As an entrepreneur and investor, I'm tech-obsessed. Technology is transforming every corner of our lives, from how we live, to how we earn, to how we spend.

When it comes to personal finance, these tech advancements have been wildly positive, for the most part. As we manage our financial lives digitally, there's one big reality we need to prepare for: data breaches.

Entrepreneurs are inherently risk-takers, but if you should be cautious in one area, it's digital security. The importance of protecting your business from online attacks is paramount (55 percent of small businesses were hit by a cyber attack in 2016, according to the Ponemon Institute). But for now, I want to dig in to ways you can protect yourself personally. When you can rest assured that your money is secure, it frees up time for you to focus on building your business.

Here are some of my favorite tips for keeping your money safe online.

1. Use a Password Manager

Everyone knows that using a complex, random combination of letters, symbols, and numbers and diversifying your passwords is the key to making it difficult for someone to hack you. Is your Target.com password the same as your bank password? Boom: That hacker could now have direct access to your money.

In today's busy world, especially when you're also building and running a business, it's hard to remember all of this password diversification, so I recommend using a password manager. I like Dashlane, Keeper, LastPass, and Blur -- they all offer free or subscription options that get high marks for security -- to help keep track of the different passwords I use.

And, of course, always opt in for multifactor authentication. It's a simple way to add an extra layer of protection.

2. Use Safe Wi-Fi Networks

Not all ways to access Wi-Fi are created equal. Whenever you're doing anything sensitive, like logging into a bank account, be thoughtful about how you're accessing the internet.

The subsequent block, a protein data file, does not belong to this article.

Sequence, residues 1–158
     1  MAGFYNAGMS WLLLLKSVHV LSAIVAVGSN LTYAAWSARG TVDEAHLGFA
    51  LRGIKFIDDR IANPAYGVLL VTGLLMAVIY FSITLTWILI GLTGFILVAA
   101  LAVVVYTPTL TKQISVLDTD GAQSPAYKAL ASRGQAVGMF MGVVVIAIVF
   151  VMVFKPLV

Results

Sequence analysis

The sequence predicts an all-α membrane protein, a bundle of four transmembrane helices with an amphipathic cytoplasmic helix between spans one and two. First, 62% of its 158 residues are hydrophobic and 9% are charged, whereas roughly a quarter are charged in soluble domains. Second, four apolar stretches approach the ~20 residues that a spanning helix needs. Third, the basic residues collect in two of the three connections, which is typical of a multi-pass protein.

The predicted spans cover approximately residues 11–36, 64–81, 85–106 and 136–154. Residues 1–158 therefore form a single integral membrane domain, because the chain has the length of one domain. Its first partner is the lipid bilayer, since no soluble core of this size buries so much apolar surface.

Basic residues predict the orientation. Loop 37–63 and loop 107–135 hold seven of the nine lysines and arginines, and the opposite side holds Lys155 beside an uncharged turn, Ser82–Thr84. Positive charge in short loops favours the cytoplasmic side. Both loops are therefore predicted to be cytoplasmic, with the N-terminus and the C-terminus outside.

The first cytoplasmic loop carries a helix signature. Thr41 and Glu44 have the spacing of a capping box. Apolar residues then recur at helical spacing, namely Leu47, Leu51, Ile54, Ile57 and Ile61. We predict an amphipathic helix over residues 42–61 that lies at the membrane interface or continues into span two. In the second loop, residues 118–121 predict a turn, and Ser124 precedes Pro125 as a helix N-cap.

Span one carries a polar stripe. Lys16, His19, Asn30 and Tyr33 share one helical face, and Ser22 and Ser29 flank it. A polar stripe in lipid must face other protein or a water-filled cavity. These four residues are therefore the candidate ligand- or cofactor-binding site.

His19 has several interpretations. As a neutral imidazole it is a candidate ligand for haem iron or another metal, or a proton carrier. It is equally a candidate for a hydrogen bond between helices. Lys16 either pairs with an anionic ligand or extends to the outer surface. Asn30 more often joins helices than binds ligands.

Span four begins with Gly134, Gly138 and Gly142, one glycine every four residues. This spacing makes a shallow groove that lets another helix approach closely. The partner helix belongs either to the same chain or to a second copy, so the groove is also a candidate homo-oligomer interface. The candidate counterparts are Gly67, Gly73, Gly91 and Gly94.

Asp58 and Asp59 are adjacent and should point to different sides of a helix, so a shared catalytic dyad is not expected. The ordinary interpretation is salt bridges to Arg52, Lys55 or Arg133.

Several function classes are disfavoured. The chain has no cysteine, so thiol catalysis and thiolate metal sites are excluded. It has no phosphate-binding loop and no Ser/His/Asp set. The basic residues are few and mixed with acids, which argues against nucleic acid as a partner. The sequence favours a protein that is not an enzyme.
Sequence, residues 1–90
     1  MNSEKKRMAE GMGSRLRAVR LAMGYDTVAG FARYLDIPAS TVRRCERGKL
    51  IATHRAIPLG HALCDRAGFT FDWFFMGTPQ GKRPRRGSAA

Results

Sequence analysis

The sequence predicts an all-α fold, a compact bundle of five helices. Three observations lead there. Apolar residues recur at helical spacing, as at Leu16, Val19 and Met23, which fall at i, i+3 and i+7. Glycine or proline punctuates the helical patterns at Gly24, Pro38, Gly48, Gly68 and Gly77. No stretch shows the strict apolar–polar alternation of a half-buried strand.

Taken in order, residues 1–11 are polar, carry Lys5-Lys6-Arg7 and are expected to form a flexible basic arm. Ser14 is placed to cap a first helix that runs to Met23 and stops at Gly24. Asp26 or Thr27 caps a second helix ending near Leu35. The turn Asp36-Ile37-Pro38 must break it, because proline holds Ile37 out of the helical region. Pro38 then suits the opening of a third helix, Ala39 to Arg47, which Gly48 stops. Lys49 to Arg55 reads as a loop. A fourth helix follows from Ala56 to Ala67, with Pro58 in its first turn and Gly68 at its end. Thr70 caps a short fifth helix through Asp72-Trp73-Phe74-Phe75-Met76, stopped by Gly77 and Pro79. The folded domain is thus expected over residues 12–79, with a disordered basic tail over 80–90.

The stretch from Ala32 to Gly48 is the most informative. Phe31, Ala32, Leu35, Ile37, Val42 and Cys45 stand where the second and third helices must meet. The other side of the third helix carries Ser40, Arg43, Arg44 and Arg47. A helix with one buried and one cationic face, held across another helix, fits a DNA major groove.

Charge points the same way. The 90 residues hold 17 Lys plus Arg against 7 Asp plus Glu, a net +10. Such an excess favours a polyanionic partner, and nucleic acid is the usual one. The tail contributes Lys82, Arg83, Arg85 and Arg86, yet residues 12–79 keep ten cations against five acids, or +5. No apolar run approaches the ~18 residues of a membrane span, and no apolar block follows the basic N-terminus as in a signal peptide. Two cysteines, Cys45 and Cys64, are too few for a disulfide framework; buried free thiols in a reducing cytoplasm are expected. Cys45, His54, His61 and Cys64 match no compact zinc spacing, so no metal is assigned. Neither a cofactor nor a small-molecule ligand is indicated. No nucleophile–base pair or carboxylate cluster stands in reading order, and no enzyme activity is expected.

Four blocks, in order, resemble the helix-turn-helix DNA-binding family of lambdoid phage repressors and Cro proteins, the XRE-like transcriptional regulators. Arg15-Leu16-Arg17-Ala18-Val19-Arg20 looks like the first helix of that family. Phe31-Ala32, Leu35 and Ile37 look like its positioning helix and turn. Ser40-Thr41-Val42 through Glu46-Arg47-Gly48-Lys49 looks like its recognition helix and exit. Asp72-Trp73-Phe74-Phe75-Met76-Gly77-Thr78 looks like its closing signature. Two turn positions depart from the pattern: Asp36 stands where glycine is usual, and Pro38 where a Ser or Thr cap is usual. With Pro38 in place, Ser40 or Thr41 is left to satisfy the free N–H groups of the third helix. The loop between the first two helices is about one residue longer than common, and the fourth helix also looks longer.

You can do this is two main ways: first, ensure that your own Wi-Fi network and router have strong password protection, and second, think twice before using a public Wi-Fi network for anything personal finance-related. Better options when you're on the road include using a VPN (virtual private network) or using your data plan.

That means no signing onto your bank account on your laptop while you're using the free Wi-Fi on Amtrak. Wait until you're home or on a secure network. 

3. Take a Daily "Money Minute"

As part of good personal finance hygiene, I always recommend taking a daily "money minute." Just as it sounds, this is a moment to check in with your money every day. Log in to your personal financial management app of choice (like Mint or Personal Capital), scan your recent transactions, and make sure everything is accurate--both the vendors and the amounts. If anything is fishy, you'll spot it and alert your bank.  This is a good practice not only for your personal accounts, but for your business transactions as well.

In the case of a security breach, taking a daily money minute becomes a must. Six in ten Americans have been the victim of fraudulent activity, so it's likely you'll find yourself in this boat. After a breach--in addition to closely monitoring your money--I recommend that you set up fraud alerts with your financial institutions. A fraud alert requires companies to verify your identity before issuing credit. You simply contact one of the three credit reporting bureaus (Experian, TransUnion or Equifax) and can customize fraud alerts to last for a specific period of time.

And here's a bonus tip: Be wary of unknown phone numbers. Phone scams are becoming more and more sophisticated--caller ID can be spoofed too, and many scam calls appear to be from local area codes. Never share personal info over the phone unless it's a call you've initiated with a verified number.

Ultimately, I want you to get the most out of technology to maximize every dollar you earn. Simply use these tips to protect yourself along the way.

Published on: Jun 20, 2019
The opinions expressed here by Inc.com columnists are their own, not those of Inc.com.